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Pre-Medical Preparation at UH Mānoa: Chiropractic Medicine

(Text compiled from the American Chiropractic Association webiste, the Chiropractic Resources Organization, and the UHM 2013-2014 catalog.)

Chiropractic programs offered in Hawai'i: None

Chiropractic D.C. Programs
Prerequisites for Admission
What makes a strong candidate?
Researching Schools
Entrance Exam
The Application Process
Additional Information
Downloadable Brochure

Chiropractic physicians, or chiropractors, are trained healthcare professionals whose focus is treating disorders of the neuromusculoskeletal system.  Within the context of broad medical knowledge, chiropractors treat aliments such as back pain, neck pain, pain in the joints of the arms or legs, and headaches, owing to neuromusculoskeletal problems, using a drug-free, hands-on approach called “spinal manipulation,” “subluxation,” or “chiropractic adjustment.”   In addition to spinal manipulation, chiropractics also provide nutritional, dietary, and lifestyle counseling, along with therapeutic and rehabilitative exercises.  Chiropractors do not prescribe drugs.

Chiropractors determine whether chiropractic treatment is appropriate through diagnostic methods including clinical examinations, laboratory testing, and diagnostic imaging.  When chiropractic care will not address the patient’s condition, or when the condition requires co-management, chiropractors refer patients to appropriate health care providers.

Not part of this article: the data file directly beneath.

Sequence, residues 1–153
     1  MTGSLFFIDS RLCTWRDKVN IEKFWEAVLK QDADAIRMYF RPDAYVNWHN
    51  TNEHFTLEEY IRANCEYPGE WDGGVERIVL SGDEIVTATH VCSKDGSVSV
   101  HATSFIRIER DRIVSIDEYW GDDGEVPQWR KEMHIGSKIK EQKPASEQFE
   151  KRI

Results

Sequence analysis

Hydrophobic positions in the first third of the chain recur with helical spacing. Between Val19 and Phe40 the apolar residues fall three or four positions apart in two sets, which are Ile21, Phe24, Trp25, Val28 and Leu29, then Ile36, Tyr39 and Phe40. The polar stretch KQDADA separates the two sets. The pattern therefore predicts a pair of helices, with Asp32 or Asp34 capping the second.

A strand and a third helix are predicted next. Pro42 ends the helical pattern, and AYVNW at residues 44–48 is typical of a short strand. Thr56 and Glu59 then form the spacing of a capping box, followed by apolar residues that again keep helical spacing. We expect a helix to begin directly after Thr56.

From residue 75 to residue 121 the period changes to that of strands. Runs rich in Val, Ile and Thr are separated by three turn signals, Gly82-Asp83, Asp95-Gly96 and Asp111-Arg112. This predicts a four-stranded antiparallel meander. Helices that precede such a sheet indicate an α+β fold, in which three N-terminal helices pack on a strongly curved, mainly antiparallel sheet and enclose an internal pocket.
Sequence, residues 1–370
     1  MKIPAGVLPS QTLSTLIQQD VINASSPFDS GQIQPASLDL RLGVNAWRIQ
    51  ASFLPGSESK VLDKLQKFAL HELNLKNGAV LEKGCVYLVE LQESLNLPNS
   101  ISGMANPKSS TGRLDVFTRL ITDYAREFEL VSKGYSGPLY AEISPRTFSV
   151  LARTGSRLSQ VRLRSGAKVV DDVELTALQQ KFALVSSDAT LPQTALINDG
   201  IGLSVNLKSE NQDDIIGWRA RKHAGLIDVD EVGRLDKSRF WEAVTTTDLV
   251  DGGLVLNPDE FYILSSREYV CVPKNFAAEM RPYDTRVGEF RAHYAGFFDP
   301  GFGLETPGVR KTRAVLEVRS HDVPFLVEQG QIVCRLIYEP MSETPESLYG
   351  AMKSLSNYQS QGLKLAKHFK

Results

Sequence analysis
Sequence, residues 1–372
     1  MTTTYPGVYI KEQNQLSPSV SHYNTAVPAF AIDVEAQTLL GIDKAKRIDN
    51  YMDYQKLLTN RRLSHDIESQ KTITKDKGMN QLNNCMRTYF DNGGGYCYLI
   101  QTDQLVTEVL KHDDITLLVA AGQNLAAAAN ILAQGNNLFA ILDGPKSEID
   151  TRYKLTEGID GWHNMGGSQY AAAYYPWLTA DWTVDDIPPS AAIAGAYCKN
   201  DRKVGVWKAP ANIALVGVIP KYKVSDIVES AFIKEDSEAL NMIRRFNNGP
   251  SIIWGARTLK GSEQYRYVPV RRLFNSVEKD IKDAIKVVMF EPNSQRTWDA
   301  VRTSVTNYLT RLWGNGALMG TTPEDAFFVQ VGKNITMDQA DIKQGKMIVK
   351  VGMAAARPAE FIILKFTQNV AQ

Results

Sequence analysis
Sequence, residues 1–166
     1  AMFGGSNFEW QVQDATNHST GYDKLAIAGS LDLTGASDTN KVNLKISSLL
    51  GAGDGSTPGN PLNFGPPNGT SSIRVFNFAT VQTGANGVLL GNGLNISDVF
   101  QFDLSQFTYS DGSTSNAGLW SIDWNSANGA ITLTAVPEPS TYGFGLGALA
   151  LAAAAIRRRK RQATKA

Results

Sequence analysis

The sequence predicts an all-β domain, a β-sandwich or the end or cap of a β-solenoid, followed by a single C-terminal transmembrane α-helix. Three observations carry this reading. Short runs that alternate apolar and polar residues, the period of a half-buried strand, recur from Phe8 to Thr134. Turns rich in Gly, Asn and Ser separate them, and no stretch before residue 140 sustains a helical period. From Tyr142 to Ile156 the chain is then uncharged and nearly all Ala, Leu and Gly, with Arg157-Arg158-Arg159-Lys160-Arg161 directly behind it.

There are two main approaches to chiropractic care: “straight” and “mixer.” Both approaches use subluxation (the aligning of vertebra) to treat patients; distinctions arise from their theory/philosophy and their relationship to other types of treatment. “Straight” chiropracty views spinal misalignment as the cause of most or all disease, relying on the body’s “innate intelligence” to heal itself, and thus remains separate from mainstream medical practice. “Objective straight,” an off-shoot of “straight,” focuses on aligning vertebrae without engaging the question of whether misalignment causes disease, but nonetheless remains apart from mainstream medicine.  “Mixer” views spinal misalignment as one of many causes of disease and incorporates or refers to other practices in their treatment, including complementary/alternative, allopathic, naturopathic, and osteopathic. “Reform,” an off-shoot of “mixer,” focuses on “evidence-based” medicine and incorporates or refers to allopathic, naturopathic, and osteopathic treatments, but generally eschews complementary/alternative treatments.